March 21, 2014

Residential school - Lawrence's story

There's a lot of sadness in Lawrence's life, yet there's hope and happiness too. Worth reading.

As Long as the Rivers Flow
by Larry Loyie

In four finely drawn vignettes, Larry Loyie, then called Lawrence, describes his childhood in northern Alberta, when he was ten years old. He cares for a baby owl, practices his hunting and tracking skills, and has a close encounter with a grizzly bear. Most memorably, he listens to the stories of his uncles and aunts and the wisdom of his grandmother. At the end of the summer, a big brown truck takes Lawrence and his brothers and sisters away to residential school.

The idyllic story that Loyie tells, imbued with the love of family and home, is a quiet remembrance of a way of life that no longer exists.

Goodbye Buffalo Bay
by Larry Loyie

In Goodbye Buffalo Bay, Loyie describes his experiences at the St. Bernard Mission residential school. After four years, he has learned not to offend the nuns. Yet despite the punishments and hard labour, he finds time to play with his friends.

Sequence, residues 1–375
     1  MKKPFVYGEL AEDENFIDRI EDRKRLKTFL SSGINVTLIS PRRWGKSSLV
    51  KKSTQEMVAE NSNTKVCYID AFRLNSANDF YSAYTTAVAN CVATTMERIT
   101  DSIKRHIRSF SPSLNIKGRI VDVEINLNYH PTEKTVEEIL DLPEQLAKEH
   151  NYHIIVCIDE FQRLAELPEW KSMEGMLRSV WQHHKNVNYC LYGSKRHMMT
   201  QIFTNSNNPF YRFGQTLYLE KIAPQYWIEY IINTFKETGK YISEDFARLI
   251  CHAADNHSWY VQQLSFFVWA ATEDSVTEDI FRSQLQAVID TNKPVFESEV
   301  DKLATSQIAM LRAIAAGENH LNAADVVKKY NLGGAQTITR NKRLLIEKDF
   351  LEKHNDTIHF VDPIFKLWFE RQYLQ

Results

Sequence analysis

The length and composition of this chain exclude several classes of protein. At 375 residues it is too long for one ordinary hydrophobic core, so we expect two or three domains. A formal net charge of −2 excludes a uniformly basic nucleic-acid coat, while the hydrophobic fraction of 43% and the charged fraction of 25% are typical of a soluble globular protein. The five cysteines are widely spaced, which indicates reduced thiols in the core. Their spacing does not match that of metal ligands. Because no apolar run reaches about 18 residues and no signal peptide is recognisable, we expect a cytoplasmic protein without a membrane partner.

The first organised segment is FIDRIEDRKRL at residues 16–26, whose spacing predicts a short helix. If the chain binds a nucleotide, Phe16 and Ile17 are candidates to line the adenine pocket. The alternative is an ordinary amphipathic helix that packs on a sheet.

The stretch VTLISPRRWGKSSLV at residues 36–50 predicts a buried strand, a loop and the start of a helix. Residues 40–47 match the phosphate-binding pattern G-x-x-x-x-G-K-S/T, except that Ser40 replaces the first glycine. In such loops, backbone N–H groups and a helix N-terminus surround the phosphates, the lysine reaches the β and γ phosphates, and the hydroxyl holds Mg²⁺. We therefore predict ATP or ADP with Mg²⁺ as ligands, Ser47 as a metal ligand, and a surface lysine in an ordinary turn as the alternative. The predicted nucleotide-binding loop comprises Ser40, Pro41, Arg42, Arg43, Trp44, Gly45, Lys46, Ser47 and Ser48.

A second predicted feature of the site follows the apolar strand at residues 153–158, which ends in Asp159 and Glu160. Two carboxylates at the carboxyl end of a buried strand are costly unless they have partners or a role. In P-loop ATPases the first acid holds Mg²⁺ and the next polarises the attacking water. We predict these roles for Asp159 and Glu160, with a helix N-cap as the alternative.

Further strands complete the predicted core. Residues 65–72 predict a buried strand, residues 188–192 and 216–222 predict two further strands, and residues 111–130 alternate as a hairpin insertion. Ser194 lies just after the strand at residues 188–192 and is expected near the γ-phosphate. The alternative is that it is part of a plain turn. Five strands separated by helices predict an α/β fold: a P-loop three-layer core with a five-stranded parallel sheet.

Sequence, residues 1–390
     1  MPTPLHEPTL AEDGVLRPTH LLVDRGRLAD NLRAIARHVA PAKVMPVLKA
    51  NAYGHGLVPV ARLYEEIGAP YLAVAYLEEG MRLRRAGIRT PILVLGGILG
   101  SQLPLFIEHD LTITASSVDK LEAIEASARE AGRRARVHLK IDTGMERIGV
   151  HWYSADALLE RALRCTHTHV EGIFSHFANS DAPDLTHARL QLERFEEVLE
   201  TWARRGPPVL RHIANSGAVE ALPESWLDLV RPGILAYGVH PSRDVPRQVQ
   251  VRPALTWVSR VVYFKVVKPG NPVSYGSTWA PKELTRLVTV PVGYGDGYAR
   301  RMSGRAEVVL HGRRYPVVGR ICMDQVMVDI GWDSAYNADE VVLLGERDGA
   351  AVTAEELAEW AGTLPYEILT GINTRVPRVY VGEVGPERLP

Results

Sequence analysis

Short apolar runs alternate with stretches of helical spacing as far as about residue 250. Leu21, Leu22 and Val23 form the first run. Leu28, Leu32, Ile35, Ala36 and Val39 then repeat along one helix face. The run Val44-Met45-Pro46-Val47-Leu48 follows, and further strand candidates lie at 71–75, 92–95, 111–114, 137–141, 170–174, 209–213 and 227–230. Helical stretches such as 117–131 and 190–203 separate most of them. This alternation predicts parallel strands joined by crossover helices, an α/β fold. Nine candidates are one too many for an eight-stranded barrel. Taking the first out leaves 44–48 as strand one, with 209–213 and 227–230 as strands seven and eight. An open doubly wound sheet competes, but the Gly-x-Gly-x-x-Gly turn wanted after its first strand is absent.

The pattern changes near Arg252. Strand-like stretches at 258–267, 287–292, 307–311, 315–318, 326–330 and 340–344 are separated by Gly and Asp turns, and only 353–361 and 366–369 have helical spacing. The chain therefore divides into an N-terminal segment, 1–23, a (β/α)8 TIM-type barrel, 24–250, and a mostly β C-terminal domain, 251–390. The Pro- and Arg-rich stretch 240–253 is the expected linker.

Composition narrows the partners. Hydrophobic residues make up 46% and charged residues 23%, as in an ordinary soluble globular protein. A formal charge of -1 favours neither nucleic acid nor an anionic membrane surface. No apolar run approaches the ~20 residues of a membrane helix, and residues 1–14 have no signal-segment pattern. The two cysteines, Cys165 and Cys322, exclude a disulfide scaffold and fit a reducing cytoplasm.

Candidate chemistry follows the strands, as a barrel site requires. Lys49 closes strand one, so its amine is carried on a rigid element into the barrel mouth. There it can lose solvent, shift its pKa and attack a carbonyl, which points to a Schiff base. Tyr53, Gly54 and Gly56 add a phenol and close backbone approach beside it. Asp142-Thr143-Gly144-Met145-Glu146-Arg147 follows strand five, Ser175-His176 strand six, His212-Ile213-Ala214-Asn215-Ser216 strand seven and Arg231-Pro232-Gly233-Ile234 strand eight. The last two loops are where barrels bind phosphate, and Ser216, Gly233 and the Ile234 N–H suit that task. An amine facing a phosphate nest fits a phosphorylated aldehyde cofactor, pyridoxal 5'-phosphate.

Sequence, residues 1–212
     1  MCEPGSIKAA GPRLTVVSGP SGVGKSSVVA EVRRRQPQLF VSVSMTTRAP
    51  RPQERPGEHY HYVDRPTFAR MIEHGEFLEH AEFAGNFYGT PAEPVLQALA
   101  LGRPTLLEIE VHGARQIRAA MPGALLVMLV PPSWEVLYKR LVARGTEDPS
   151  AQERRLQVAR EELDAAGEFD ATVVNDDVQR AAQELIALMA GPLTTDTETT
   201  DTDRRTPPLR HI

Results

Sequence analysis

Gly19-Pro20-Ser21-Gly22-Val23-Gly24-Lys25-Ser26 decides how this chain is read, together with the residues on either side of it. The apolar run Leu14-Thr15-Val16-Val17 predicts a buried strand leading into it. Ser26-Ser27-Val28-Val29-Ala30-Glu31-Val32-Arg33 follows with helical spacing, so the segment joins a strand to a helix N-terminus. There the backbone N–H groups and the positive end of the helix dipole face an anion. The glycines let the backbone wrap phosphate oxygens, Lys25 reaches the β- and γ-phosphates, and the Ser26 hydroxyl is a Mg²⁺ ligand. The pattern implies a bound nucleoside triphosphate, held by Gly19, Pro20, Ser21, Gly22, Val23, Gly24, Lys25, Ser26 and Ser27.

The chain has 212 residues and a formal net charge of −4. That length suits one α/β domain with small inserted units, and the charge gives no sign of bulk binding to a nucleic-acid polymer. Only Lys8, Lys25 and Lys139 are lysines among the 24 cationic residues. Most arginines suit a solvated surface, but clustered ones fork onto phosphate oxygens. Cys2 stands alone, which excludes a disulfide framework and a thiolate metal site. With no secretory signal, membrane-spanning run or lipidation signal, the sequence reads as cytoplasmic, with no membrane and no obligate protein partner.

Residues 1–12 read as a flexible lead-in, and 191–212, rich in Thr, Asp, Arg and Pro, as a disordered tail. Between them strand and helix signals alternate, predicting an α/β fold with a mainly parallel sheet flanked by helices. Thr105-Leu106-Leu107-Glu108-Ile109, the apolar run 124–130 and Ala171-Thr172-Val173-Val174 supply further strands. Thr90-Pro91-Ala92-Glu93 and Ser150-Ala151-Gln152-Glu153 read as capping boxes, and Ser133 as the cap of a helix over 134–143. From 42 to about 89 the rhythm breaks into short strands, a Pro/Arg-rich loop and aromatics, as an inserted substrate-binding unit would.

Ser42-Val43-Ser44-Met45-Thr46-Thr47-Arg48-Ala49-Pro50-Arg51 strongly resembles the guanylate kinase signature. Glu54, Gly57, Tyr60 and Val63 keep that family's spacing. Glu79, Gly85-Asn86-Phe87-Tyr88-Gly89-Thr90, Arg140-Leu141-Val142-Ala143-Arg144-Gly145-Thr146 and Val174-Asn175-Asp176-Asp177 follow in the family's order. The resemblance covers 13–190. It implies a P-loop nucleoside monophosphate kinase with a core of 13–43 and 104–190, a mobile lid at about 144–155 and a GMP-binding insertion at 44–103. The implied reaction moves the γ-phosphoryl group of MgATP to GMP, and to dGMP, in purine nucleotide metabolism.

At fourteen, Loyie's schooling comes to an end and he returns home. But home no longer feels the same to him. He's angry and unsure of himself. But he can still speak Cree. His father and uncles help him find work in sawmills and lumber camps, and he makes non-Native friends. The physical work and the guidance of his grandparents help him as he reconnects with his roots and makes his own way in the world.

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